In April 2018, an en banc Ninth Circuit held in Rizo v. Yovino that an employer cannot justify a wage differential between male and female employees under the Equal Pay Act by relying on prior salary. Before the Ninth Circuit published its decision, though, Judge Stephen Reinhardt passed away. On February 25th, the U.S. Supreme Court vacated the Ninth Circuit’s decision, reasoning that the appellate court should not have counted Reinhardt’s vote because he passed away before the decision was issued. Instead, the Ninth Circuit should not have released the opinion. READ MORE
Echoing an increasingly familiar refrain, another district court has declined to certify a class of women bringing pay equity claims on the basis that they did not present a common question capable of producing a common answer to “the crucial question why was I disfavored.” Relying largely upon Wal-Mart Stores, Inc. v. Dukes, the court found certification inappropriate because the putative class members were subject to countless independent decisions involving the judgment and discretion of individual managers. The case also serves as another reminder that courts (including California state courts) will not accept an overly simplistic analysis comparing broad job categories or titles, but will continue to look at actual business practices and job responsibilities to ensure comparators are “similarly situated” so a meaningful pay comparison can be made. READ MORE
In recent years, the volume of equal pay lawsuits has continued to increase in Silicon Valley, despite technology companies reaffirming their commitment to equal pay policies and practices. Earlier this month, Hewlett Packard Enterprise Co. (“HP”) was hit with the latest equal pay lawsuit. The class action lawsuit, filed in Santa Clara Superior Court, alleges that HP discriminated against its female workers by paying them less than their male counterparts and funneling women into certain jobs based on stereotypes. READ MORE
In the wake of the Ninth Circuit’s decision in Rizo v. Yovino, key employer-side groups have expressed support for U.S. Supreme Court review to determine whether employers who rely on prior salary to set starting pay can continue to do so consistent with the federal Equal Pay Act, 29 U.S.C. § 206(d)(1) (“EPA”).
The EPA prohibits sex-based wage differentials between men and women who perform equal work, but allows employers to justify wage differentials even between such employees based on seniority, merit, production, or “any other factor other than sex.” The Ninth Circuit’s recent en banc decision in Rizo held that “prior salary alone or in combination with other factors cannot justify a wage differential” because prior salary is not a “factor other than sex.” 887 F.3d 453, 456 (9th Cir. 2018). The Ninth Circuit reasoned that a “factor other than sex” must be “job-related,” and thus rejected the defendant employer’s exclusive reliance on prior salary as a benchmark against which to set starting pay for new hires. The Court, however, left open the possibility that prior salary could permissibly “play a role in the course of an individualized salary negotiation.” Id. at 461. (For a comprehensive analysis of the Rizo decision, see Can Prior Pay Inform a New Hire’s Salary? (Daily Journal, May 11, 2018)).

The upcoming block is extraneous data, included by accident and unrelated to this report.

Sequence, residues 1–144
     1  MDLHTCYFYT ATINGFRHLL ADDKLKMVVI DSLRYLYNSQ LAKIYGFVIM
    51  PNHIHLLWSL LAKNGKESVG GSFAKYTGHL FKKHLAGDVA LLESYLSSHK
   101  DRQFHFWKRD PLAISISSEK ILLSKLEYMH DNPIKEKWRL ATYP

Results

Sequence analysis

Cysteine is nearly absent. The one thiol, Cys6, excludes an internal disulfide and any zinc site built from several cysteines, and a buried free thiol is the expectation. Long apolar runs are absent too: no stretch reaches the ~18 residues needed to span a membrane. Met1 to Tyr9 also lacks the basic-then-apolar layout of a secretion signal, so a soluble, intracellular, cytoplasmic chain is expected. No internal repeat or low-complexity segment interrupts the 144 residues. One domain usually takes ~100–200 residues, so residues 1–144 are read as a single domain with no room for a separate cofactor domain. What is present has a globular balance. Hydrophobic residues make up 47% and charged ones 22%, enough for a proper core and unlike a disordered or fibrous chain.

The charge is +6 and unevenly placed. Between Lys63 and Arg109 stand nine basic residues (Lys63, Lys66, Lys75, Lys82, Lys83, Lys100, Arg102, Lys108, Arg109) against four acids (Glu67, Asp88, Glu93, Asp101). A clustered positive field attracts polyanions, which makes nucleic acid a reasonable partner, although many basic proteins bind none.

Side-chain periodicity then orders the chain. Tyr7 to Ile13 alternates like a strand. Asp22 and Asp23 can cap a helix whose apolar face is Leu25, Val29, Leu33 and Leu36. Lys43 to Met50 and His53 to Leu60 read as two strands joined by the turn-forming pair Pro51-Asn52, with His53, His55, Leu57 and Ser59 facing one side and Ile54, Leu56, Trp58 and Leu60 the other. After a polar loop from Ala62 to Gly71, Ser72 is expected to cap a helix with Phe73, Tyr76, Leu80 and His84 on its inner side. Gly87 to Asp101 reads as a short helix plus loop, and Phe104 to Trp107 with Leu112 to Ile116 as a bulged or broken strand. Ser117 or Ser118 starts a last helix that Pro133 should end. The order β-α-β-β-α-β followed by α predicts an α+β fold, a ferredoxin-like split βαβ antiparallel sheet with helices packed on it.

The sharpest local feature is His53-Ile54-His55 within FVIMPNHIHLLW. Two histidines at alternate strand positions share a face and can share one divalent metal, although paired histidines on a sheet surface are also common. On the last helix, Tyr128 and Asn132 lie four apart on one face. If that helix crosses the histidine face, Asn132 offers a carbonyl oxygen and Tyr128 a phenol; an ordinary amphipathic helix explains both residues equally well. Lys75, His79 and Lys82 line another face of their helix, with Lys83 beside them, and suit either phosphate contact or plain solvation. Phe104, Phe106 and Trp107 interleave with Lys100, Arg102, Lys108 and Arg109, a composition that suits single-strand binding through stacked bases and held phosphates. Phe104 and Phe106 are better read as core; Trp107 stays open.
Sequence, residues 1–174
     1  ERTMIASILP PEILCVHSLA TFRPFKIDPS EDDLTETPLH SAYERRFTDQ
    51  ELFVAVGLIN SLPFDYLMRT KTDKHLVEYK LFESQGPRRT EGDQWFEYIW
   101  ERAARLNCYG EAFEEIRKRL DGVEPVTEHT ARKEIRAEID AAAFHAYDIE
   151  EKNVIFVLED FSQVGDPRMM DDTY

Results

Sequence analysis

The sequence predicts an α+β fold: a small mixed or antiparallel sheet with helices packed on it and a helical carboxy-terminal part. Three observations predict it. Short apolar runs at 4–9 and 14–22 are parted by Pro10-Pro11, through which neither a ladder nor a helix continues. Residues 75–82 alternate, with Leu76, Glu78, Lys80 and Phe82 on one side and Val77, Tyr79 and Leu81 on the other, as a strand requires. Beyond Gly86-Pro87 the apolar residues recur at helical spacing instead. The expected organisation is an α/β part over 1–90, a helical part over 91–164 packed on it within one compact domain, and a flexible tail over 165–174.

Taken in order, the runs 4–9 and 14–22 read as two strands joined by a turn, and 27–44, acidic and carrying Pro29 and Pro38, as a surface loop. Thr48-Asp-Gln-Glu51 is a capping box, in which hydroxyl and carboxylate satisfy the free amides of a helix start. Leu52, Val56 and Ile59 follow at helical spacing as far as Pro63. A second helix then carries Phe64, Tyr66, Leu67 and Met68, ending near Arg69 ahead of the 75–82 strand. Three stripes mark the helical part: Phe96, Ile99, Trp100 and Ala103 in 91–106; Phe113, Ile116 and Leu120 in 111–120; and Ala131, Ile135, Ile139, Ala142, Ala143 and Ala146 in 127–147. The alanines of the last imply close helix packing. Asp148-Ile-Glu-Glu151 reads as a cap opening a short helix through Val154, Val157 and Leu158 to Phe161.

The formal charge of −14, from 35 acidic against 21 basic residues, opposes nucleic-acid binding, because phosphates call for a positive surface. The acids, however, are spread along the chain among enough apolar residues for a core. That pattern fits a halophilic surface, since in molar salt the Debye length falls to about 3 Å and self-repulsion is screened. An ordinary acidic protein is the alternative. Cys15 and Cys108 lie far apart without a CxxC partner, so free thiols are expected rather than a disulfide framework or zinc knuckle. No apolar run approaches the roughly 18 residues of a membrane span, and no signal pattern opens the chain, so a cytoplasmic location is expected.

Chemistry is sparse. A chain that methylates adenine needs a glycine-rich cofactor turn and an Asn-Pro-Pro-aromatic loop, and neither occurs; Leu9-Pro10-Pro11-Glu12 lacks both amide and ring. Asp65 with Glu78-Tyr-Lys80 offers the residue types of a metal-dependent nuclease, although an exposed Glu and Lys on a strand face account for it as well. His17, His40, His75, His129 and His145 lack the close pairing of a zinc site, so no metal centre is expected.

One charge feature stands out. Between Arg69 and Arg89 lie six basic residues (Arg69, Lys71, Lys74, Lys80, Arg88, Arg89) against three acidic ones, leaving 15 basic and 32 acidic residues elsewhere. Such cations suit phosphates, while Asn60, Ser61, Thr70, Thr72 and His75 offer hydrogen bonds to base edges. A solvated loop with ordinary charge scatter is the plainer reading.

On August 30, 2018, the Fresno County Superintendent of Schools, Jim Yovino, filed a petition for writ of certiorari asking the Supreme Court to review the Ninth Circuit’s decision in Rizo. The petition argued that the U.S. Supreme Court should grant review because the Circuit Courts of Appeal diverge on whether prior salary is a “factor other than sex” (see, e.g., Wernsing v. Dep’t of Human Servs., State of Illinois, 427 F.3d 466, 469 (7th Cir. 2005)) and because prior salary is a “factor other than sex” under a plain reading of the EPA.
Since Yovino’s petition for writ of certiorari, several business groups have filed amici curiae briefs urging the U.S. Supreme Court to accept the case. The Chamber of Commerce of the United States of America (Chamber) and the Society for Human Resource Management (SHRM) recently filed a brief for amici curiae in support of Yovino. The Chamber is the world’s largest business federation, representing the interests of 300,000 members and over three million companies and professional organizations. SHRM is the world’s largest human resources professional society, representing 300,000 members in more than 165 countries. Representing strong business interests, the amici brief asserts that the question of whether employers can rely on prior salary history in setting workers’ wages “is of extraordinary significance.” The amici brief argues that the Rizo decision deepens a circuit split on the legality of the widely-used and useful employment practice of relying on prior salary, which is legal in most jurisdictions and is a facially sex-neutral practice. The Chamber and SHRM also argue that the Ninth Circuit’s “tortured reading of the EPA’s catchall defense” could be read to call into question other legitimate and sex-neutral practices that rely on objective information, such as individualized negotiations and competitive salary bidding.